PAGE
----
Brita Products Company

1727 Words Feb 5th, 2012 7 Pages
Case Presentation : The Brita Products Company
Group 8

Prepared by
Ashish Gauba 11P070
Gunjeet Singh 11P078
Himanshu Sehgal 11P080
Ishan Agrawal 11P081
Srinivas R R 11P112
Vignesh K 11P119

Table of Contents Background: 3 ACNielsen Market Simulation Study: 5 Problem Analysis: 6 Customer Lifetime Value Analysis: 8 Ten scenarios of Brita’s marketing investment: 9 Recommendations: 10

Background:

The Clorox Company was a major manufacturer and marketer of laundry additives, household cleaners, charcoal, auto care products, cat litter and home water purifiers. In 1987, Charlie Couric , a marketing executive, charged
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The filter had two elements- activated carbon and ion exchange resin. Filtered water tasted better, it did not deposit scale when boiled and removed harmful heavy metals. But the filter did not screen out microorganisms such as cryptosporidium and giardia that caused gastro-intestinal diseases. The pitcher system was sold with a single filter in place. Filters required replacement after filtering 40 gallons of water. Filters were sold in packs of one, three and five.
Consumer Attitudes and Behavior: Over the decade of 1990’s, the safety of tap water became a topic of growing concern to US households. A 1999 survey found that 72% of all respondents and 89% of young adults voiced some concern about the quality of their household’s water supply. A majority of households used either bottled water or some purification system. The number taking no precautions declined from 47% in 1995 to 35% in 1999.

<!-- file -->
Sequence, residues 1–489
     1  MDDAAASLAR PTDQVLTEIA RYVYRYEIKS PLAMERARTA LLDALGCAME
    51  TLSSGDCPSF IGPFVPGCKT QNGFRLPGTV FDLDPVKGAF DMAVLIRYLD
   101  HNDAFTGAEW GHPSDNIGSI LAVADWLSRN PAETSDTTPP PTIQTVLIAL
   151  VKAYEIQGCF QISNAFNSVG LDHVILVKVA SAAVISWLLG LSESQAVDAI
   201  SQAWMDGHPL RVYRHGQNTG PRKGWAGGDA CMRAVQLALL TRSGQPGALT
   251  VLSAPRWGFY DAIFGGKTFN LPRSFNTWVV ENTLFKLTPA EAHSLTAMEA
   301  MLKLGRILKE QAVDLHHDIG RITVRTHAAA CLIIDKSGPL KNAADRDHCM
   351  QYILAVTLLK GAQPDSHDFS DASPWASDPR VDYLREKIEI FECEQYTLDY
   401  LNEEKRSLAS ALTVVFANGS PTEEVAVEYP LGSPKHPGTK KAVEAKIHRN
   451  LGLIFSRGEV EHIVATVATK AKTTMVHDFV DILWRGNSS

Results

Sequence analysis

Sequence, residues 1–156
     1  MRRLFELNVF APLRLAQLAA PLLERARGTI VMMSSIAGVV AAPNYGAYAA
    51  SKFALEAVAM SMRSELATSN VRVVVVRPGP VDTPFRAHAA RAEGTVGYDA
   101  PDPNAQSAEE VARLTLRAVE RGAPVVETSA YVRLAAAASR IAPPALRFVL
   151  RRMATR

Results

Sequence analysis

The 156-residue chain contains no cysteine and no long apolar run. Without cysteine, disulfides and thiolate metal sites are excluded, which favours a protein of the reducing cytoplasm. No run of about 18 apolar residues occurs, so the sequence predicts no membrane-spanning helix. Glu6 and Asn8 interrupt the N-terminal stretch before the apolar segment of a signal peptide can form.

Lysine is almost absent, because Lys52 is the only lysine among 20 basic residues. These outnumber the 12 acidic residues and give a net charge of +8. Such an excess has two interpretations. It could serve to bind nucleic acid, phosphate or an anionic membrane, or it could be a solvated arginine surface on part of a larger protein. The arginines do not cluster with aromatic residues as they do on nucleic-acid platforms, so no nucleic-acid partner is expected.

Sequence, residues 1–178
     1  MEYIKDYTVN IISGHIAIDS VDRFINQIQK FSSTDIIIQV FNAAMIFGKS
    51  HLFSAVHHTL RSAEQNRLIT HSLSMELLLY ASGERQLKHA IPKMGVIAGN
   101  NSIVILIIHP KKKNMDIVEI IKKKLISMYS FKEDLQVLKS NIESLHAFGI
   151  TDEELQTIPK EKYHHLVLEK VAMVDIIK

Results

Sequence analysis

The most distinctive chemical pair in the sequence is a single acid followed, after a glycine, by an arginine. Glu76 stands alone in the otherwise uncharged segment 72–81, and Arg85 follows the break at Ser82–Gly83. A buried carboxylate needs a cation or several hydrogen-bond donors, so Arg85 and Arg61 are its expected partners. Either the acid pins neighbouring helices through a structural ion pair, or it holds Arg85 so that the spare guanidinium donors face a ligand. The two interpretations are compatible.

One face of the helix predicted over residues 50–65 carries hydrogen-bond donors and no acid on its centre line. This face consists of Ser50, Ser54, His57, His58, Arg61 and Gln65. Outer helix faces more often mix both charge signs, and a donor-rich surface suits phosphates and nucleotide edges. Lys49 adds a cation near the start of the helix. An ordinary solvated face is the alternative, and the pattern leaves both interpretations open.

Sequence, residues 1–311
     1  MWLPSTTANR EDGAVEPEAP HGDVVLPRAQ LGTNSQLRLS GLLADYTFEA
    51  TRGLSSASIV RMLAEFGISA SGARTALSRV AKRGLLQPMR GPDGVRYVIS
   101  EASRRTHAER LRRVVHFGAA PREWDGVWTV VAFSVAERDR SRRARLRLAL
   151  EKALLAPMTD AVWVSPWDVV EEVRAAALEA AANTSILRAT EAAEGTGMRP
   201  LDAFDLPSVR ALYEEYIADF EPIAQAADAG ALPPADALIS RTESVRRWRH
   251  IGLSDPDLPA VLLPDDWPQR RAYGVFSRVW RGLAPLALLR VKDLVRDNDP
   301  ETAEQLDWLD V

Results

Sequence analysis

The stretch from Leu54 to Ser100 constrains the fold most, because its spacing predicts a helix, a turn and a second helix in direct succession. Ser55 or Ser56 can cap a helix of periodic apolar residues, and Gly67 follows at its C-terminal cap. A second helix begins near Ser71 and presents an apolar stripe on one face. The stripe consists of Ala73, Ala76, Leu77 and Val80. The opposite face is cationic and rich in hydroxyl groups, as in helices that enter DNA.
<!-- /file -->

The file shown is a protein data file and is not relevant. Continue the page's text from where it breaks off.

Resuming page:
Company Strategy: During the 1990s, Brita has built its marketing position using the strategy "Established in class, first in mass, and alone in grocery." It meant to be established in class, first in mass, and alone in grocery. This consisted of a line of upscale pitchers called Ultra for department stores, standard pitcher for mass merchants like Target and Walmart and a bonus pack system and a 5 pack of filters to appeal to club retailers. Brita's competitors were unable to effectively rival Brita in pitcher sales. To retain its market lead, Brita had to continue to